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Thread: The NFL's proposal to the players for a rookie compensation system

  1. #1
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    The NFL's proposal to the players for a rookie compensation system

    NEW YORK -- The NFL's proposal to the players for a rookie compensation system would divert about $300 million a year from first-round draft picks' contracts to veterans and player benefits.

    According to documents obtained by The Associated Press, the league's offer would free more than $1.2 billion by 2016 and slow the growth rate of guaranteed payments to first-rounders, which the documents show increased by 233 percent since 2000. All contracts for first-round picks would become fixed at five years.

    Such quarterback busts as [URL="http://sports.espn.go.com/nfl/players/profile?playerId=10446"][COLOR=#225fb2]JaMarcus Russell[/COLOR][/URL] ($32 million), [URL="http://sports.espn.go.com/nfl/players/profile?playerId=9596"][COLOR=#225fb2]Matt Leinart[/COLOR][/URL] ($12.9 million), [URL="http://sports.espn.go.com/nfl/players/profile?playerId=3529"][COLOR=#225fb2]David Carr[/COLOR][/URL] ($15 million) and [URL="http://sports.espn.go.com/nfl/players/profile?playerId=3531"][COLOR=#225fb2]Joey Harrington[/COLOR][/URL] ($13.9 million) received huge guaranteed payments that totaled $367 million in the last 10 drafts.

    Of course, [URL="http://sports.espn.go.com/nfl/players/profile?playerId=5526"][COLOR=#225fb2]Eli Manning[/COLOR][/URL] ($24 million), [URL="http://sports.espn.go.com/nfl/players/profile?playerId=5529"][COLOR=#225fb2]Philip Rivers[/COLOR][/URL] ($17.9 million) and [URL="http://sports.espn.go.com/nfl/players/profile?playerId=11237"][COLOR=#225fb2]Matt Ryan[/COLOR][/URL] ($34.7 million) have not done too badly for their teams.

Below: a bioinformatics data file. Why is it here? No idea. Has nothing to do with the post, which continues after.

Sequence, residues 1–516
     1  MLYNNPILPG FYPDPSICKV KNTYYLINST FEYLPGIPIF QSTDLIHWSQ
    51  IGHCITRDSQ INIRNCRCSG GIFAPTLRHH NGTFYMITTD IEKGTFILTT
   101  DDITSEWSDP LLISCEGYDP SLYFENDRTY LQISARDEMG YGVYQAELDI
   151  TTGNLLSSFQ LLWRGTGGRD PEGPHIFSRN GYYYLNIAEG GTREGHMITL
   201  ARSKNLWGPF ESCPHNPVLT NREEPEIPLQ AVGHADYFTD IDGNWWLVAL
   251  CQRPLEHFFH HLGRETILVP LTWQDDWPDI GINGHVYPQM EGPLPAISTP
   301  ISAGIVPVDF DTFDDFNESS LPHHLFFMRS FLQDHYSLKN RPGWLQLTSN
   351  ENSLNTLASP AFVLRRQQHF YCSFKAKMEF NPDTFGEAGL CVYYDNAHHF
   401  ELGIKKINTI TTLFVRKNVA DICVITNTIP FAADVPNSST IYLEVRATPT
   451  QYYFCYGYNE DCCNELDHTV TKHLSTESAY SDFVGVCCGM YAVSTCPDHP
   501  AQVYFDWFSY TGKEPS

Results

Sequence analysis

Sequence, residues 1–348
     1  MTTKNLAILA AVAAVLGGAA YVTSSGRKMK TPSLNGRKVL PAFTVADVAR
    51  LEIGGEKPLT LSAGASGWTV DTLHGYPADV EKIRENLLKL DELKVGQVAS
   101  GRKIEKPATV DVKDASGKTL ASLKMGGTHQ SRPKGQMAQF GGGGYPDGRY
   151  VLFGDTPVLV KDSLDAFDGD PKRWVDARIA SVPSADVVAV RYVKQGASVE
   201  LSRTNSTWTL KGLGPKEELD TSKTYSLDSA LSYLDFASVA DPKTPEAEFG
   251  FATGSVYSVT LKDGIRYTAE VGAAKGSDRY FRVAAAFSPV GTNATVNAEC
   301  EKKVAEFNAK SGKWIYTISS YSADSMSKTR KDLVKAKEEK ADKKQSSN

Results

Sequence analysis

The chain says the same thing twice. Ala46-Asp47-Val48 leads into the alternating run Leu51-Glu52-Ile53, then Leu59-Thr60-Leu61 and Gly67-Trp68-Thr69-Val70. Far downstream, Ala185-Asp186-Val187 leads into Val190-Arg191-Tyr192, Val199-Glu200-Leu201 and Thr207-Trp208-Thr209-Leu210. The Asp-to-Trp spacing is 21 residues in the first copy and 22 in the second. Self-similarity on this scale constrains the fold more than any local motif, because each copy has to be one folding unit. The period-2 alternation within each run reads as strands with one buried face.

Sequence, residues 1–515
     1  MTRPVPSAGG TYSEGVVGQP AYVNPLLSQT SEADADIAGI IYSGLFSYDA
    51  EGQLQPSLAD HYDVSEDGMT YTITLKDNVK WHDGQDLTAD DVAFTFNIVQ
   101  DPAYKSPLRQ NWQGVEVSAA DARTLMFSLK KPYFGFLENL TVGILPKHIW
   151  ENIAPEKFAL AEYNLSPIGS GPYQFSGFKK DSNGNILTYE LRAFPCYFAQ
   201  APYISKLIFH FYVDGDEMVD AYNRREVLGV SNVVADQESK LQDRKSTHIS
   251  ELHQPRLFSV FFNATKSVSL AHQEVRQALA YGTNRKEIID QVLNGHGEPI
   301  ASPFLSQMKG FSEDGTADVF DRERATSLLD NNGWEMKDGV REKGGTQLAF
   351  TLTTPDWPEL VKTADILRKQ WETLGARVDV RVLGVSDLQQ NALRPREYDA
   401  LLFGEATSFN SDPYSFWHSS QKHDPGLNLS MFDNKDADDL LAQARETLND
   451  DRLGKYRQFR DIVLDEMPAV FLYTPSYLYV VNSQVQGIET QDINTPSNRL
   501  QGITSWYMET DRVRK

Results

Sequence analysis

Guaranteed money paid to top 10 selections since 2000 reached nearly $2 billion. Guaranteed payments for all first-rounders were at $3.5 billion.
    During talks for a new collective bargaining agreement, the league also proposed eliminating holdouts by reducing the maximum allowable salary if a rookie isn't signed when training camp begins. The NFL also suggested eliminating holdouts for all veterans by prohibiting renegotiations of contracts if a player holds out in the preseason.

    The compensation system would not include a rookie wage scale and would allow for individual contract negotiations. Contracts would have a fixed length of four years for players chosen in the second through seventh rounds and would not affect salaries for those rounds, the league said.

    A modified salary system for rookies was a negotiating point for a new CBA until talks broke off March 11 and the NFL Players Association dissolved as a union. The owners locked out the players hours later.

    The two sides are scheduled for court-mandated mediation in Minneapolis beginning Thursday.

    [URL]http://sports.espn.go.com/nfl/news/story?id=6345279&campaign=rss&source=twitter&ex_cid=Twitter_espn_6345279[/URL]

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    [QUOTE=C Mart;3999965]NEW YORK -- The NFL's proposal to the players for a rookie compensation system would divert about $300 million a year from first-round draft picks' contracts to veterans and player benefits.

    According to documents obtained by The Associated Press, the league's offer would free more than $1.2 billion by 2016 and slow the growth rate of guaranteed payments to first-rounders, which the documents show increased by 233 percent since 2000. All contracts for first-round picks would become fixed at five years.